A “culture of health” is something that most employers desire — but often lack — for their workplace.
A poll by Optum, a health care technology consultancy, found that while 64 percent of large employers say that creating aculture of health (COH) in the workplace is a top priority, only 19 percent say they have succeeded in producing an environment in which employees “have the resources, tools and a support system that empowers and motivates them to take responsibility for their own health.”
The survey asked benefit professionals at 545 U.S. companies to rate their workplace’s culture of health on a scale of 1 to 7. The survey sought to identify the differences between highly-rated and low-rated companies.
Among the key differences in wellness offerings:
- 72 percent of COH companies offer wellness coaching, compared to 42 percent of non-COH companies.
- 72 percent of COH companies offer health risk assessments, versus 49 percent of non-COH companies.
- 52 percent of COH companies offer biometric screenings, compared to 33 percent of non-COH companies.
- 53 percent of COH companies offer programs geared towards social health, compared to 16 percent of non-COH companies.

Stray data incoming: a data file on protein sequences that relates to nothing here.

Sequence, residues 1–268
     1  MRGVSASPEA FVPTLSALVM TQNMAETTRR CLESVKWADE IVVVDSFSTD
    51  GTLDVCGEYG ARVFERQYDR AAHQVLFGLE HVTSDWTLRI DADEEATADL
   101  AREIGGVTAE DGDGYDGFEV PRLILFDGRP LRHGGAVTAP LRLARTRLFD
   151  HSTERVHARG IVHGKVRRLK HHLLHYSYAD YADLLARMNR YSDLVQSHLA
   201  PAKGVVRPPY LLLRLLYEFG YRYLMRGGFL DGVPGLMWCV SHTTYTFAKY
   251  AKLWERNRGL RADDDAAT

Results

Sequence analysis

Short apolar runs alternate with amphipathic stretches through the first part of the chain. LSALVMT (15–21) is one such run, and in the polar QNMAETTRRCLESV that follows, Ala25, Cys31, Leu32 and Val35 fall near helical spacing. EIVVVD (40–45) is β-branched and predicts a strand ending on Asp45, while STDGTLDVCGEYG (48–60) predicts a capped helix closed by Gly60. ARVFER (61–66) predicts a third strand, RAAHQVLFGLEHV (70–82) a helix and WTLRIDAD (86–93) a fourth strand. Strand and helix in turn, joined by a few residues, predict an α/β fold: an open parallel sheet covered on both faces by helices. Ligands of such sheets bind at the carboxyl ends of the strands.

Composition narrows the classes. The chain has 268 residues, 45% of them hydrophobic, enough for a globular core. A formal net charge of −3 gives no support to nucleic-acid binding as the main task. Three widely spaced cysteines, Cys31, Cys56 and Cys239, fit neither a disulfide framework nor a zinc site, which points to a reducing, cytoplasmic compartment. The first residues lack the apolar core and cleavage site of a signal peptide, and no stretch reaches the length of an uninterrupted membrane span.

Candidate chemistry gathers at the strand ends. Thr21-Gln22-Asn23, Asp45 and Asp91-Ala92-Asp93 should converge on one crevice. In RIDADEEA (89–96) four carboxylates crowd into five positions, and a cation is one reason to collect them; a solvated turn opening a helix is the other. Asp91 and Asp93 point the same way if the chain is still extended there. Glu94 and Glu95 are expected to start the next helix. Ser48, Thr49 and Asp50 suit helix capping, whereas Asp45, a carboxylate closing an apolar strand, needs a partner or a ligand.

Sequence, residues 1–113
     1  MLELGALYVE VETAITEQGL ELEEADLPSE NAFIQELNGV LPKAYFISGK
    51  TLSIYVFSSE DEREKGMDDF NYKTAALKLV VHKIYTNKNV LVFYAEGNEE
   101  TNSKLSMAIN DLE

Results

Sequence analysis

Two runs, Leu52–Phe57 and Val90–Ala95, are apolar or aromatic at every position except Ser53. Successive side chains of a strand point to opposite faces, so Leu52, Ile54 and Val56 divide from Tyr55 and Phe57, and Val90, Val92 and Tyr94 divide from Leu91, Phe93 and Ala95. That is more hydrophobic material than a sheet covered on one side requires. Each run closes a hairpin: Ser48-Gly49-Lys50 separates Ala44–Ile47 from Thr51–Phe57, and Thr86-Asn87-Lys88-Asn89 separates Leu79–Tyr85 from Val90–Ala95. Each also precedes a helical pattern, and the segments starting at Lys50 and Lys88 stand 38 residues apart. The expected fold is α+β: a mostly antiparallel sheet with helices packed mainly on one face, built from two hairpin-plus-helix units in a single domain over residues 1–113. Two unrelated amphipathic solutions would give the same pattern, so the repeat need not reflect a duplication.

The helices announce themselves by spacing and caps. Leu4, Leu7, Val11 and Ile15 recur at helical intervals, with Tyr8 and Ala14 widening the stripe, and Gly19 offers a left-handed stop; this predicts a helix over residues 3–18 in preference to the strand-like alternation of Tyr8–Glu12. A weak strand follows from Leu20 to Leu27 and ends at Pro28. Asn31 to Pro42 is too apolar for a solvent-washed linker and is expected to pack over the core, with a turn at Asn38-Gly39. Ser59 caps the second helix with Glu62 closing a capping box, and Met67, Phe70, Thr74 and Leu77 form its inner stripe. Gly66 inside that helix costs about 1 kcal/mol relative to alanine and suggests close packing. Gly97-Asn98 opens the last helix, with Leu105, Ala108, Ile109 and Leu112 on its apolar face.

- 76 percent of COH companies offer behavioral health programs, compared to 56 percent of non-COH ones.
- 65 percent of COH companies offer financial incentives for health outcomes, compared to only 32 percent of non-COH employers.
- The average financial incentive for COH companies was $576 per participant, compared to $336 for non-COH ones.
The upshot is that companies that aggressively invest in wellness programs report better results from their health-oriented initiatives. While 56 percent of COH employers report that their wellness programs have led to higher employee satisfaction, only 15 percent on non-COH employers believe the same is true for their wellness initiatives.